Is it your first season as a blended family? Now's the time to honor traditions both new and old. Even if there are cultural or religious differences, this season can become a bonding experience and a teachable moment for everyone involved.
smiling woman embracing girl while sitting on sofa
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'Tis the season for celebrating with loved ones, and whether it's in the kitchen or around the dinner table, this often involves honoring old family traditions and rituals. "Family traditions are important because they help create new holiday memories with family members, while giving you ones to look forward to next year," says Michigan-based child therapist, Alison Neihardt, author of Counseling Activities for Children on a Shoestring Budget. However, for those of us with blended families, practicing old traditions while forming new ones can be tricky. "The first year of being a blended family is always the hardest, because you're still figuring things out," Neihardt explains. "Building new traditions can provide both a bonding experience and a teachable moment for everyone involved."

Interested in learning more about how you can create new traditions this holiday season to honor each family member? We asked Neihardt to share her advice and this is what she had to say.

Share old family traditions.

Just because you're celebrating the holidays with new family members doesn't mean you can't practice old traditions with them. "Take the time to teach family members that are unfamiliar with your family's rituals about your unique traditions, and include them going forward." Neihardt says. "Also, encourage them to teach you about their favorite family traditions, so everyone learns something new about each other."

Personalize holiday décor.

Neihardt says something as simple as making personalized holiday décor can be a meaningful way to bond as a blended family. "Setting aside time for everyone to decorate their own handmade stockings or tree ornaments allows family members to bond over a fun activity, while ensuring that no one is left out of your home's holiday décor displays," she says. If not everyone can find the time to sit down for an arts and crafts session this season, consider personalizing the items for each family member ahead of time so everybody feels included.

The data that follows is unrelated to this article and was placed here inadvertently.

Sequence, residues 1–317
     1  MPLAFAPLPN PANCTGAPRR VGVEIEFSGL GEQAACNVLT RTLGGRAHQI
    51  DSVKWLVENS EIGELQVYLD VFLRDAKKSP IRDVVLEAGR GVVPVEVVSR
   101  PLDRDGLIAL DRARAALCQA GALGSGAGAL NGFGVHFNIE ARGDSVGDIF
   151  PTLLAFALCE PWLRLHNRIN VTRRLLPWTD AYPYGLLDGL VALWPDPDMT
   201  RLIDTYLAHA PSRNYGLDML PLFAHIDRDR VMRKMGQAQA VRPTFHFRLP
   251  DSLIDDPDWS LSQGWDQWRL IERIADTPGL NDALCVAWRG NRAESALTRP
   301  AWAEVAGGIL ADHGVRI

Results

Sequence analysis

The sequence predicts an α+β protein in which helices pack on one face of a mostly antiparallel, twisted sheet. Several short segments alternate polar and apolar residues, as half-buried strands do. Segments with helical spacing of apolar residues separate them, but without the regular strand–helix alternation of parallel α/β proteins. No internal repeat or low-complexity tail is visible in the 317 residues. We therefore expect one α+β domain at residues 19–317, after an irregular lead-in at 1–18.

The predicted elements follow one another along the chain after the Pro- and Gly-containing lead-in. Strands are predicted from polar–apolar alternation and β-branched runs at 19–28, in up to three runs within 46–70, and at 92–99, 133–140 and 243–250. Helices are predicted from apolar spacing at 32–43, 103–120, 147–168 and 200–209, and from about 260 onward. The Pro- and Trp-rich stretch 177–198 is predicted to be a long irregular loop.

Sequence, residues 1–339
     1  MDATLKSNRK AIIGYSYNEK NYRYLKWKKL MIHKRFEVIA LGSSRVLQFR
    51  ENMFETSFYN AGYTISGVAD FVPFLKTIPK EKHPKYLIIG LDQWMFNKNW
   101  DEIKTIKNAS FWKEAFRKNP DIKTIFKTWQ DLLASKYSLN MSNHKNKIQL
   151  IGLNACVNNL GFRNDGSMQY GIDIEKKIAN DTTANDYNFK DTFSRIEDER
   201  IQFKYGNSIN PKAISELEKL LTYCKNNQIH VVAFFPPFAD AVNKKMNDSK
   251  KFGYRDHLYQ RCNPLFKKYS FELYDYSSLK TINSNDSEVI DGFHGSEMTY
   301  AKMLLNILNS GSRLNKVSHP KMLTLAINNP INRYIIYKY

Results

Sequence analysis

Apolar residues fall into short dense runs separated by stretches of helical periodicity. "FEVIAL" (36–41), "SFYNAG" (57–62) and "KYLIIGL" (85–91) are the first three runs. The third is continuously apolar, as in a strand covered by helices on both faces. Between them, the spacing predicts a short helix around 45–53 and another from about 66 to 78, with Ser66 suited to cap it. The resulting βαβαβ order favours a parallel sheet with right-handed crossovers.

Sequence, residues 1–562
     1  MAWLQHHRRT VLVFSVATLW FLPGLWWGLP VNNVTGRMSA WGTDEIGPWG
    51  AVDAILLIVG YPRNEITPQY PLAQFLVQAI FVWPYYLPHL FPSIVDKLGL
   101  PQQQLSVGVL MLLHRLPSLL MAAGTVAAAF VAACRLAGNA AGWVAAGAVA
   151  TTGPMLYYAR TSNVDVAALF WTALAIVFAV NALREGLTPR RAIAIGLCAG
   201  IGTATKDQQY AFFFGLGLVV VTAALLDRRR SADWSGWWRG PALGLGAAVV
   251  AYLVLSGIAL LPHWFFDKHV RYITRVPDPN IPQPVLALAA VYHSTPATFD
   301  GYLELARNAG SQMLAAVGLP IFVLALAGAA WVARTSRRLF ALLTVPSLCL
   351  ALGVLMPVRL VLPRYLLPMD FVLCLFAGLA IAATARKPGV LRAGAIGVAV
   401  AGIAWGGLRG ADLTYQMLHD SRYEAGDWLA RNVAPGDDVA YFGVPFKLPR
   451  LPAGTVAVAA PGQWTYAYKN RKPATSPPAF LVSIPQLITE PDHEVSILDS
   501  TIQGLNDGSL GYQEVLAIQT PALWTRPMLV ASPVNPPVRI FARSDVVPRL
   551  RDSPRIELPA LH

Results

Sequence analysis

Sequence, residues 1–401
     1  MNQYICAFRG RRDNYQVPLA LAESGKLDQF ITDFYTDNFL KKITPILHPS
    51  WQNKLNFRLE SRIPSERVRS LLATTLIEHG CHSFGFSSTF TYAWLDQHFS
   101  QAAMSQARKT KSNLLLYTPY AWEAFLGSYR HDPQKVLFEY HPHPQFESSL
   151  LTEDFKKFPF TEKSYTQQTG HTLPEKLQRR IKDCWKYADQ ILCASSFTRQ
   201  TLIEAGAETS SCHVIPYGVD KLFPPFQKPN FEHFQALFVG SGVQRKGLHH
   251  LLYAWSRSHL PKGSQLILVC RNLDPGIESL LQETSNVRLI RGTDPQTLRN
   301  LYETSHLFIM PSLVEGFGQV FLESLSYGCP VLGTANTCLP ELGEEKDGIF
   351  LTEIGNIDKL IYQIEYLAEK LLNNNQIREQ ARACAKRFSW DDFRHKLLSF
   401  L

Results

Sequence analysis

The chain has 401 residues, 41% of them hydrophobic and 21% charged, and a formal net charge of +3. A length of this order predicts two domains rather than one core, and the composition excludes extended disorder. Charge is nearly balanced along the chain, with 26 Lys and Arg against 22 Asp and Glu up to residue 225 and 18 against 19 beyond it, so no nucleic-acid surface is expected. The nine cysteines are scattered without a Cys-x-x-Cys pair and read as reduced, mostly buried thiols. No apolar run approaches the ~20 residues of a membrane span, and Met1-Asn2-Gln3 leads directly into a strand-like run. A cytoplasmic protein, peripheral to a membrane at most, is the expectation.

Play a get-to-know-you game.

Neihardt says to never underestimate the power of a good party game when forming new family traditions over the holidays. "Silly group games that involve the whole family, like charades, board games, talent shows, or sing-along sessions help break down barriers so that everyone can get to know each other better," she explains. "If you all have fun, you can turn it into an annual tradition."

Bake treats. 

Since so many holiday traditions are centered around food, Neihardt recommends creating a new family tradition in the kitchen. "Baking cookies or treats is an easy way to include everyone in a new holiday tradition," she explains. "You can divide tasks among family members, or simply take a family poll to decide what treat you'll be baking."

Pick a day to celebrate, even if it isn't the actual holiday.

If you're struggling to put together a new family tradition on a tight holiday schedule, Neihardt suggests waiting for a more opportune time. "Remember the holiday is just a date; it can be celebrated when you are best able as a family," she says. "Try not to push the kids and have the holidays be a rushed thing. It is okay to spread it out. It is more fun that way!"


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